Not long after taking a seat in the waiting area, Aishwarya’s mother approached a ward clerk and said that she was concerned about Aishwarya’s eyes. The ward clerk spoke to a doctor, who came over and looked briefly at Aishwarya’s eyes. He did not ask if she had any other symptoms and did not have an opportunity to look at her records, so he assumed her presenting complaint was due to her eyes only. The doctor did not see anything concerning about her eyes, so he returned to his other duties on the assumption Aishwarya would be seen by other health staff in due course.

A minute or so after the doctor left, Aishwarya’s mother again approached a ward clerk with her concerns. The clerk spoke to the waiting room nurse, who agreed to go and see Aishwarya and her parents immediately, given they were concerned. The nurse, accompanied by a student nurse, went to see Aishwarya at 5.50 pm. She took Aishwarya’s observations, which were not immediately alarming. The nurse made a plan to give Aishwarya some fluids and ibuprofen and then monitor her to see if she improved. However, the nurse then got called away and she did not commence her treatment plan. She also did not enter Aishwarya’s observations into the medical records at that time.

The nurse eventually got an opportunity to enter Aishwarya’s observations into the records at about 6.45 pm. The information she entered should, in hindsight, have prompted the nurse to seek a senior nurse review and take some other actions, but she was busy and relatively inexperienced and she didn’t appreciate at the time that this was required. Instead, the nurse handed over Aishwarya’s care to another nurse while she went on her break, with the suggestion that she give Aishwarya the fluid trial and ibuprofen she had planned earlier.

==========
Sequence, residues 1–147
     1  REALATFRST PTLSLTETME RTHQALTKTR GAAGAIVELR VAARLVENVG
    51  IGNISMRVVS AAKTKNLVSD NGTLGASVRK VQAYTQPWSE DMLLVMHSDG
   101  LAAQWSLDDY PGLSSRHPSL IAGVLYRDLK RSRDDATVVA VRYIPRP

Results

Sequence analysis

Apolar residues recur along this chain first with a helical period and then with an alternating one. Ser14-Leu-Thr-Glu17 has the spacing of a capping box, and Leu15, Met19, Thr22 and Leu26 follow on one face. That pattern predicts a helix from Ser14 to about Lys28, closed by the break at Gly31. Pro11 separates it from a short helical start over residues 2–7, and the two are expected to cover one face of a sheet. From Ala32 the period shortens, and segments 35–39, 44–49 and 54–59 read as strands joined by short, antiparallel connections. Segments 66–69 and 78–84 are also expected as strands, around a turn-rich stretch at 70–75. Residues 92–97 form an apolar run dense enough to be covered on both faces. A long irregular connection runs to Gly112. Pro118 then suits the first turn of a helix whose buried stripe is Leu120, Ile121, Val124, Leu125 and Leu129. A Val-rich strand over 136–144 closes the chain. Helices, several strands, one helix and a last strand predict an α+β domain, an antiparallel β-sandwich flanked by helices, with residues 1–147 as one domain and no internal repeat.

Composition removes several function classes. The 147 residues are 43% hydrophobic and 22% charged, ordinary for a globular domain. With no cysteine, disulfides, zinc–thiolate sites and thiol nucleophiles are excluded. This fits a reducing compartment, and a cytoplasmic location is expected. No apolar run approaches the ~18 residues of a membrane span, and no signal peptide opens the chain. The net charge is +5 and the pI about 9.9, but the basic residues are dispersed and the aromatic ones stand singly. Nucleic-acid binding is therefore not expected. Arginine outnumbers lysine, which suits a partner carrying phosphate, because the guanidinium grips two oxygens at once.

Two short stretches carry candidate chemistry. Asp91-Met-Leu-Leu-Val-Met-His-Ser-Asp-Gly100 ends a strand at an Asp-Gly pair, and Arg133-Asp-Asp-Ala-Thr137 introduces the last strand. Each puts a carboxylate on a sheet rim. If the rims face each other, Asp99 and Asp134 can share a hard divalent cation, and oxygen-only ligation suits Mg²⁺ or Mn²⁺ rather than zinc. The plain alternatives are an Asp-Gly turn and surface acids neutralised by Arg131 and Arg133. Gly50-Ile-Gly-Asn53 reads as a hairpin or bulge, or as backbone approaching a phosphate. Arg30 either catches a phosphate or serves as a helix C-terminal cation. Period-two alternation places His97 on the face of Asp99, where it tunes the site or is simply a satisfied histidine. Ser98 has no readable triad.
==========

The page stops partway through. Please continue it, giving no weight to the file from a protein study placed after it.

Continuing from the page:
Aishwarya’s parents had been watching Aishwarya deteriorate over this time, and they had been continually trying to get someone to come and see her again, without success. When the nurse who had taken over Aishwarya’s care finally came to see them at 7.05 pm, they were very anxious. The nurse started to give Aishwarya the fluid and ibuprofen and they tried to help, but the nurse asked them to leave it to Aishwarya to take on her own. It quickly became apparent that Aishwarya was too weak to take the medication without assistance, and the nurse decided to go and ask a doctor to review her. A senior doctor came and took a brief look at Aishwarya and then directed that Aishwarya be taken through into a treatment room for more observations to be taken and a proper assessment to take place.

Once Aishwarya had been taken into a treatment room, it quickly became apparent that she was very unwell. She was taken into a resuscitation area and shortly after she collapsed. Intensive resuscitation efforts were made, but ultimately Aishwarya could not be saved. Her death was confirmed at 9.04 pm.

Extensive post mortem investigations identified that Aishwarya died from fulminant sepsis that had developed as a result of a bacterial infection caused by the microorganism Streptococcus pyogenes, a type of Group A Streptococcal infection. This type of sepsis can be difficult to diagnose, particularly in children, and without early antibiotic treatment it is often fatal.

An inquest was held on 24 August to 2 September 2022 to determine whether Aishwarya’s death was preventable if she had received earlier medical treatment, as well as to consider other issues from a public health perspective. The inquest took into account the results and recommendations of a Root Cause Analysis (SAC1) and independent inquiry that had already been conducted into Aishwarya’s death prior to the inquest.

The Deputy State Coroner found that death occurred by way of natural causes.

Based on the expert evidence, the Deputy State Coroner also found there was a small possibility that Aishwarya’s death might have been prevented if she had been given urgent medical treatment shortly after she first arrived at PCH.

The Deputy State Coroner made five recommendations arising from the investigation into Aishwarya’s death.

Catch Words : Discretionary Inquest: Adolescent Health: Sepsis; Group A Streptococcus.


Last updated: 2-Oct-2023